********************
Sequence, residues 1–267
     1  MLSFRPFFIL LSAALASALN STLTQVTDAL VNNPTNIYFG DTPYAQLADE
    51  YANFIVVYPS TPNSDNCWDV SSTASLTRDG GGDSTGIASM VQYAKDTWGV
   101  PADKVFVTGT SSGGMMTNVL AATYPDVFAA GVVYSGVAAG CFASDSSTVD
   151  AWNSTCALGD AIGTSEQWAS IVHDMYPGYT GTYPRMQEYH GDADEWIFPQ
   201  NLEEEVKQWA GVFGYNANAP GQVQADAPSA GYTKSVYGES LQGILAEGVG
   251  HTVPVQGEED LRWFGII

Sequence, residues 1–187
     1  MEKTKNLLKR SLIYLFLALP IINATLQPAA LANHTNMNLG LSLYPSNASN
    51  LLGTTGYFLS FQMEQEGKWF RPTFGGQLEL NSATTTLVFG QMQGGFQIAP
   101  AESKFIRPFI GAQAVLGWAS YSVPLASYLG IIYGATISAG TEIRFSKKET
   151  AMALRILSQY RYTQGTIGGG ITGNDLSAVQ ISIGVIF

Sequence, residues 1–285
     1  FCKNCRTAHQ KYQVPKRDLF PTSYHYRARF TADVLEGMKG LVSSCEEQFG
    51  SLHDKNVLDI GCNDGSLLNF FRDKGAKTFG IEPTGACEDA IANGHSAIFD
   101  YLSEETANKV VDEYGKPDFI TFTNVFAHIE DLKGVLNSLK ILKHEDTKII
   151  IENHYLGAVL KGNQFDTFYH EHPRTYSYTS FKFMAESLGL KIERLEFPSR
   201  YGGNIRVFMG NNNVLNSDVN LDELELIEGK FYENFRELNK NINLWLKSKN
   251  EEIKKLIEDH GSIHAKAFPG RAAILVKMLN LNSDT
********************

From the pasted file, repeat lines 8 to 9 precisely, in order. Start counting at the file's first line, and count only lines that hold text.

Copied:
Sequence, residues 1–187
     1  MEKTKNLLKR SLIYLFLALP IINATLQPAA LANHTNMNLG LSLYPSNASN